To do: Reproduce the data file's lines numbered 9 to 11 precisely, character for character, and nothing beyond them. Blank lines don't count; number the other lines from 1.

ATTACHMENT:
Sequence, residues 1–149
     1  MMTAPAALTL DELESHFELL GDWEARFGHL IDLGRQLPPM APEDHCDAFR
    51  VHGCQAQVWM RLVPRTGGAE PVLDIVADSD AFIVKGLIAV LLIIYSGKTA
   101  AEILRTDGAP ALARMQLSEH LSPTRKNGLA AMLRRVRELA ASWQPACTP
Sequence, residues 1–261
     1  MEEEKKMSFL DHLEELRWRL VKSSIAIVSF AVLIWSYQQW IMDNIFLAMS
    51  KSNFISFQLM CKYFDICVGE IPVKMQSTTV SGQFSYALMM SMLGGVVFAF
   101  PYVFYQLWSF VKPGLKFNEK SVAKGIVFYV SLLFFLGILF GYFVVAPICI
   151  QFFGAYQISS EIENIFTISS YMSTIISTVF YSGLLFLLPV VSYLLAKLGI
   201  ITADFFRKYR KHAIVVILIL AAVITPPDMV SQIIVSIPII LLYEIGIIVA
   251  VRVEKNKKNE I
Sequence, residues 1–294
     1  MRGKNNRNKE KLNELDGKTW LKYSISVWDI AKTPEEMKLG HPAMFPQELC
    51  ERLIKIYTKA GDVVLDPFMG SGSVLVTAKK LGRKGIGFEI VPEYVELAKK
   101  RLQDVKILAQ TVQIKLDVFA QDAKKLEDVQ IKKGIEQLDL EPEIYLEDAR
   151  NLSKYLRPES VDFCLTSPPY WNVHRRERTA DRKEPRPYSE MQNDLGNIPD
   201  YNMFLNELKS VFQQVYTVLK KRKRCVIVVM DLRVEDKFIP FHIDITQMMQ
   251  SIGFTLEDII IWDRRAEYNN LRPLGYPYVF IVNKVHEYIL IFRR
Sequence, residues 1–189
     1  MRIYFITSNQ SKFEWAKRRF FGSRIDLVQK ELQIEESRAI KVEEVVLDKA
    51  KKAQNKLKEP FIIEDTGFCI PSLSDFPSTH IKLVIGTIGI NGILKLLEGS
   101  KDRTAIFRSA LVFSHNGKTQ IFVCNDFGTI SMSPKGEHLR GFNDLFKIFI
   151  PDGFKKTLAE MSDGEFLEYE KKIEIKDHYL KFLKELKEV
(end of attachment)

   151  QFFGAYQISS EIENIFTISS YMSTIISTVF YSGLLFLLPV VSYLLAKLGI
   201  ITADFFRKYR KHAIVVILIL AAVITPPDMV SQIIVSIPII LLYEIGIIVA
   251  VRVEKNKKNE I